As we discussed, Simmons and Mitchell can’t both play for the Nets next season. So… what if Simmons was on a different team? Here’s the scenario: The Nets trade Kevin Durant for a team that can provide them with both draft picks and high-level veterans (say, the Toronto Raptors for their endless supply of wings). Then they turn and turn Simmons elsewhere for draft picks, and as expected they trade Kyrie Irving for the Lakers for even more draft capital. Suddenly, between three trades, the once barren Nets have amassed enough picks to go to Utah for Mitchell, and through Durant, they’ve also amassed enough supporting talent around Mitchell to credibly compete in the somewhat near future (say a combination by Pascal Siakam, Fred VanVleet, O.G. Anunoby, Gary Trent Jr. and Precious Achiuwa).

It’s not exactly a contender, but it’s not too shabby either, is it? It’s a start, anyway, a foundation built on a 25-year-old All-Star seemingly wanting to be in their city and a supporting cast transplanted from the NBA’s best development infrastructure. Given Brooklyn’s limited options right now, it could probably be a lot worse than starting over with Mitchell.

The real issue here is the mechanics of the deal. There are so many moving parts to consider. Is there a suitor willing to hand in multiple first-rounders for Simmons? Minnesota was the obvious choice, but it just gave everything away for Gobert. Cleveland maybe? And would Durant accept an exchange to a destination other than his favorite Phoenix or Miami? Will the Lakers cough up a second first-rounder for Irving? So many things need to happen to make Brooklyn viable. The path is there if the Nets want to take it, but it’s a treacherous one.

Let’s just say Toronto isn’t particularly keen on trading for a 34-year-old Durant. Could Mitchell be a viable alternative? Toronto has such a tie with defensive wings that it seems more than doable to protect him at that end of the floor. His one-to-one scoring is just what they’ve been missing since Kawhi Leonard left, and his youth and three years of team control left would give them a runway to build around him.

But the fundamental question here is the same as the one for Toronto regarding Durant: will the Raptors offer Scottie Barnes? The answer is probably no. Barnes is a possible future star. But Mitchell is a star straight away, and unlike Durant, he will probably stay that way for a long time to come. The Raptors might lose some edge by being sure, but they lose most of the risk of Barnes’ development stalling. If he grows into a stable All-Star like Mitchell, his growth will be considered a success.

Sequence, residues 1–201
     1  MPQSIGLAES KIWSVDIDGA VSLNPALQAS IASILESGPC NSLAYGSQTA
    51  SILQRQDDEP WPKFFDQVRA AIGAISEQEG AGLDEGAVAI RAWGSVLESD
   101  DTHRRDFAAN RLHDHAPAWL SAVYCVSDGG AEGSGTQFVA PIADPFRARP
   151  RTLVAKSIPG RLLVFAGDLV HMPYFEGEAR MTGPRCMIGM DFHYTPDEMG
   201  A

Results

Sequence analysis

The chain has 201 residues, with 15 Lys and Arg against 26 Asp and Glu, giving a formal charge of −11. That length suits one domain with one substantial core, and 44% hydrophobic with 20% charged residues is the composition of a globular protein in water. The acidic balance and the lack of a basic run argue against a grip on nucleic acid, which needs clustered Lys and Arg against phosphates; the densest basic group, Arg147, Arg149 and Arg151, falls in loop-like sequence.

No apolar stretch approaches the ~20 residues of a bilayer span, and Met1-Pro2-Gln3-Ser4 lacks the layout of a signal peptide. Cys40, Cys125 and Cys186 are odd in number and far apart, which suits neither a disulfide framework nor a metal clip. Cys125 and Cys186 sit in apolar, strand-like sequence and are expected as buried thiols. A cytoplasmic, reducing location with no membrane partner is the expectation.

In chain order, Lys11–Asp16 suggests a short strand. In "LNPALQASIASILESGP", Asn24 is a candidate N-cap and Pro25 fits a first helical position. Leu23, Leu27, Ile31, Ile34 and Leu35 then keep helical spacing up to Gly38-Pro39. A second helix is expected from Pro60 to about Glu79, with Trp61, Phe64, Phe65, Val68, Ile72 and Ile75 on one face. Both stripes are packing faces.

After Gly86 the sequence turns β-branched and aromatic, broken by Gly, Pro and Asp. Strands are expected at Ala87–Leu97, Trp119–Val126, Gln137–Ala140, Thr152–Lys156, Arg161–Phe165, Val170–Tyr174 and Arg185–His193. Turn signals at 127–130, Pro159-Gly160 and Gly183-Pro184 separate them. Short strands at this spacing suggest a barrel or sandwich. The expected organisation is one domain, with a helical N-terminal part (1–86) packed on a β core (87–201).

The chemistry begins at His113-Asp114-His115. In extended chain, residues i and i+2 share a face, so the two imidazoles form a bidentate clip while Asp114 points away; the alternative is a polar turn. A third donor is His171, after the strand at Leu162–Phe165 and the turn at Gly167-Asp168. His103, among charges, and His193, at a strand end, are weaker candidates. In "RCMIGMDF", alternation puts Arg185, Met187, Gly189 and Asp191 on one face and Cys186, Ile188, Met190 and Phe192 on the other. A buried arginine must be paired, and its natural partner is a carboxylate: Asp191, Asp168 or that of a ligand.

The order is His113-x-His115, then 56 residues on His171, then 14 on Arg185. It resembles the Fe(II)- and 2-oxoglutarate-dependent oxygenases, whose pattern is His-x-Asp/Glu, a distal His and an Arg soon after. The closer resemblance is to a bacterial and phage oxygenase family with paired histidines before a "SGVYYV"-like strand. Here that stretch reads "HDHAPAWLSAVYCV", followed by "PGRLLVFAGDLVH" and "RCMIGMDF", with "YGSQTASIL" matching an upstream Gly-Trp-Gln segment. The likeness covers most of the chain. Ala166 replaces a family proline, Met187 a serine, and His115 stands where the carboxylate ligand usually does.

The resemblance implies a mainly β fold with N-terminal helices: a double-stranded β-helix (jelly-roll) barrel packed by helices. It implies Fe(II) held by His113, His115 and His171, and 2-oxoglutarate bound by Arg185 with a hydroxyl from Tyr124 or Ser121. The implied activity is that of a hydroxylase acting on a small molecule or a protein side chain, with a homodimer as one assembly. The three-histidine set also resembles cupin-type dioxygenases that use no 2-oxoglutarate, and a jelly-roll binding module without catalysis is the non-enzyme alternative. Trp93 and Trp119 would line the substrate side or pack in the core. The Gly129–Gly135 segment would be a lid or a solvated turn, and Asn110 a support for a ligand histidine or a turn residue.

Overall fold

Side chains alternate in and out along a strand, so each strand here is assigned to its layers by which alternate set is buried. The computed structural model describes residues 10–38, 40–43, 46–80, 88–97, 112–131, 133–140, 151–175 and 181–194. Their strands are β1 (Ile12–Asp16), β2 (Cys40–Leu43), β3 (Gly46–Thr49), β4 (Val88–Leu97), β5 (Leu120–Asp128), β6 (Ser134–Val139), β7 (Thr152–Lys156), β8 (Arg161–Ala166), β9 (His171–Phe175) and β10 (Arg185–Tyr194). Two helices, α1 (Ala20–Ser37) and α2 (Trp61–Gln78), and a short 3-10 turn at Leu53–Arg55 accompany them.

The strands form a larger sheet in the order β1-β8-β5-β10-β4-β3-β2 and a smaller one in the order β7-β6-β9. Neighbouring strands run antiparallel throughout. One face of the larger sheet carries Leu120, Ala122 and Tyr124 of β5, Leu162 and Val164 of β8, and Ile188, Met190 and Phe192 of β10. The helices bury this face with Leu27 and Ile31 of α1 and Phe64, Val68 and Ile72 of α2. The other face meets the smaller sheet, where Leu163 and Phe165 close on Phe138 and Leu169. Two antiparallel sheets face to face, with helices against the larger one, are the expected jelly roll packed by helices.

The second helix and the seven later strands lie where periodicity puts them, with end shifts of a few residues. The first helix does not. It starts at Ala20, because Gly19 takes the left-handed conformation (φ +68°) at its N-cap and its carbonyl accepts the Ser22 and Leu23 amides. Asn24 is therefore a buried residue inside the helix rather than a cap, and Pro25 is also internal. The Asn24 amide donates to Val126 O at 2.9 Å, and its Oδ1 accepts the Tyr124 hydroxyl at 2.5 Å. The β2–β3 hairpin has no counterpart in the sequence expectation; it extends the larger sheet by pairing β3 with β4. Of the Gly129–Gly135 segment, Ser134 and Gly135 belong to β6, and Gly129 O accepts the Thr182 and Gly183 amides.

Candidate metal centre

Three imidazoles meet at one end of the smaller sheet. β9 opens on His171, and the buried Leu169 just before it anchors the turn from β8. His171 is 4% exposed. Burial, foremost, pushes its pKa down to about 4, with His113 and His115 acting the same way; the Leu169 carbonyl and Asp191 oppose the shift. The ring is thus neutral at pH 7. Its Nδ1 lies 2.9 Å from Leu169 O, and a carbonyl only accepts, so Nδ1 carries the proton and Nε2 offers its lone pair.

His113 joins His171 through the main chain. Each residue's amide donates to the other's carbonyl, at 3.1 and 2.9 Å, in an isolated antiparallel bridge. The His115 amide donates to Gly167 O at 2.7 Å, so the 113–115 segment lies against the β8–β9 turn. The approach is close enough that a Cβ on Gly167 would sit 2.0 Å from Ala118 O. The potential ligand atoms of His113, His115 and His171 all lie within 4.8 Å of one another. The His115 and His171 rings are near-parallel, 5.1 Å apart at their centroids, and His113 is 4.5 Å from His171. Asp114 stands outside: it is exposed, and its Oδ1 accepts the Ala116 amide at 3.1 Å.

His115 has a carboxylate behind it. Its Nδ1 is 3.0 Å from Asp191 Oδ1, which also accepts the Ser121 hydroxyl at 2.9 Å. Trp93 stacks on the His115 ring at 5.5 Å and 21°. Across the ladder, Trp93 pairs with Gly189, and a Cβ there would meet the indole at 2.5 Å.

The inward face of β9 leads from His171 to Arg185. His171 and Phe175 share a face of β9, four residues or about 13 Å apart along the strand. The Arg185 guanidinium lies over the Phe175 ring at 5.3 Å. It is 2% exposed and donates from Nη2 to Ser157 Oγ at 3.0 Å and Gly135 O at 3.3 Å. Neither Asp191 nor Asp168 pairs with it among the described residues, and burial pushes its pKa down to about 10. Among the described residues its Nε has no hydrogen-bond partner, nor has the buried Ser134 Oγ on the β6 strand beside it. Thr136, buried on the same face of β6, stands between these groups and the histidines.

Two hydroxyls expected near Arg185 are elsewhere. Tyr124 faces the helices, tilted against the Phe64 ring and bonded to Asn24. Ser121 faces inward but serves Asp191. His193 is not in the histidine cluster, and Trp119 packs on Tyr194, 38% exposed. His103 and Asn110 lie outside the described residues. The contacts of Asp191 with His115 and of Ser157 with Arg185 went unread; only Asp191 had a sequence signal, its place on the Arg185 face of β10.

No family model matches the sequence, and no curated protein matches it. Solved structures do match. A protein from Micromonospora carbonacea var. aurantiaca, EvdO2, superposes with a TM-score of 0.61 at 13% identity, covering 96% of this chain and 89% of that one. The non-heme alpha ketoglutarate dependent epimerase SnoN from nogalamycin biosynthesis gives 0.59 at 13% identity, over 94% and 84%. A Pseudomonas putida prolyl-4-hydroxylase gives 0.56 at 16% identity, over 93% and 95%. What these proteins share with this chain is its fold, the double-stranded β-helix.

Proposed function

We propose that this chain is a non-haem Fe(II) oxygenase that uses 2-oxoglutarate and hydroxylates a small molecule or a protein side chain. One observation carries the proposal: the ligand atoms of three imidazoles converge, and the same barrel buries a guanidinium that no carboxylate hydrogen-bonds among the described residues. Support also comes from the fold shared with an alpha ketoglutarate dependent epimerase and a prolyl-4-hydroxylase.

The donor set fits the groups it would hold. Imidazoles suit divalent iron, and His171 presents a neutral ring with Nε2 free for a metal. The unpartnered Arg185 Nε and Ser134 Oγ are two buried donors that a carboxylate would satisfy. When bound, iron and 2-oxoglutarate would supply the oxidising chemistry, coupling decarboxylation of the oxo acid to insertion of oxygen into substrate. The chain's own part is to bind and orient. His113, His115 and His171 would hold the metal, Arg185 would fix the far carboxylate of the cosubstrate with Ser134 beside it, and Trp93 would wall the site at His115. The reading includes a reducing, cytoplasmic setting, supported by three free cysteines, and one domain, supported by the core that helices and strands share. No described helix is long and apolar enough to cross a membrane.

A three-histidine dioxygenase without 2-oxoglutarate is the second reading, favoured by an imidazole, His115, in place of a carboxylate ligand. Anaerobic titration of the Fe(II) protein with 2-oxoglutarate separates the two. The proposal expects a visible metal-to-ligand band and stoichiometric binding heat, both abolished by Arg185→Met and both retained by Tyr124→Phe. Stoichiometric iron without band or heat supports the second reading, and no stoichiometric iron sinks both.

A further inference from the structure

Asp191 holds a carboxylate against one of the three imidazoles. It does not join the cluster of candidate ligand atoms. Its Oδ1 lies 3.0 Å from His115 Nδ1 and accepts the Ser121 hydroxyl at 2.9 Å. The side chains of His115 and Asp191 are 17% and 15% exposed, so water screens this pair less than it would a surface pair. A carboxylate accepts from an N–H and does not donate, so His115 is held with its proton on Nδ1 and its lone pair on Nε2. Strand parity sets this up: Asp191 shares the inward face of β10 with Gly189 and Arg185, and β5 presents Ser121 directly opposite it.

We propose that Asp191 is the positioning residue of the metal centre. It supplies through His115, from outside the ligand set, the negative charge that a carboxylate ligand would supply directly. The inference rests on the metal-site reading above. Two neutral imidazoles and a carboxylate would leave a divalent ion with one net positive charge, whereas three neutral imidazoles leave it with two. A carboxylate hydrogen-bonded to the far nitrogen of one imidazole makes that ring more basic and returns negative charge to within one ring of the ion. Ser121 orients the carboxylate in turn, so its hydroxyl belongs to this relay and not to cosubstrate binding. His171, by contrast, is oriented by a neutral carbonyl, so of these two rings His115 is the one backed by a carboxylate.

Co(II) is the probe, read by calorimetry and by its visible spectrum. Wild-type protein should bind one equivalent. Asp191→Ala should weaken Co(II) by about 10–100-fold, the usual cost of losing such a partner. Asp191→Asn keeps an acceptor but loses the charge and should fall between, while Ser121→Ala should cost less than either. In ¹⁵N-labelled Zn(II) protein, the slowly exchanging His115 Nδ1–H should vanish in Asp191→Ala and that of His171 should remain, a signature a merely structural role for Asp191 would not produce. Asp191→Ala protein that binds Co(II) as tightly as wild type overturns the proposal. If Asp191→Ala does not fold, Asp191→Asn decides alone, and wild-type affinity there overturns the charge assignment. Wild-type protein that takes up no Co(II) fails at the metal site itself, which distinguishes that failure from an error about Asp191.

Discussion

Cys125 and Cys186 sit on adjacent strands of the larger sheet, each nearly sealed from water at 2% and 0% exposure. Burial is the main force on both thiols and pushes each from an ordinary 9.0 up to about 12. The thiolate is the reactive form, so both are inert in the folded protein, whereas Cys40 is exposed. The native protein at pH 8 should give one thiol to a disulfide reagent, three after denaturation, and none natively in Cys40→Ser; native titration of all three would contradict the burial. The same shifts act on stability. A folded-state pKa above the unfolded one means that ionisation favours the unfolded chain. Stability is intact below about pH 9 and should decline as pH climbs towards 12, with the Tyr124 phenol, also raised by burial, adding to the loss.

The Raptors traded for a star who didn’t want to be in Toronto once before. Losing Leonard probably puts Toronto out of the race. Unless Mitchell shows great interest in joining the Raptors, Barnes is just too valuable to hope Mitchell is excited about being a Raptor and can lead you to a championship. But if they gave up Barnes for anything, a 25-year-old All-Star would probably be one of their first choices.

This is one of those ideas that makes more sense on paper than in reality. Mitchell is better than CJ McCollum. He is also half a decade younger. New Orleans has up to six tradable first-round picks, and two of those can be high-value, high-value Lakers picks. If New Orleans was primarily concerned about maximizing the title window, it would make sense to flip McCollum for some assets and then go all in on Mitchell.

But basketball is not played on paper. Teams simply don’t trade for established stars to intentionally replace them six months later. McCollum was an essential voice in the locker room last season. They just don’t plan on splitting up a feel-good team last season to chase a borderline All-NBA player who would be only a modest upgrade from their incumbent position. That’s not how basketball usually works. If so, the pelicans would probably court Durant a little more aggressively now.

So no, the pelicans are probably not behind Mitchell. They happen to be one of the few teams with the trump cards to get his hands on him while remaining contenders in the long run. Ultimately, the Pelicans will likely push their chips in on a third star alongside Zion Williamson and Brandon Ingram. It probably won’t be Mitchell.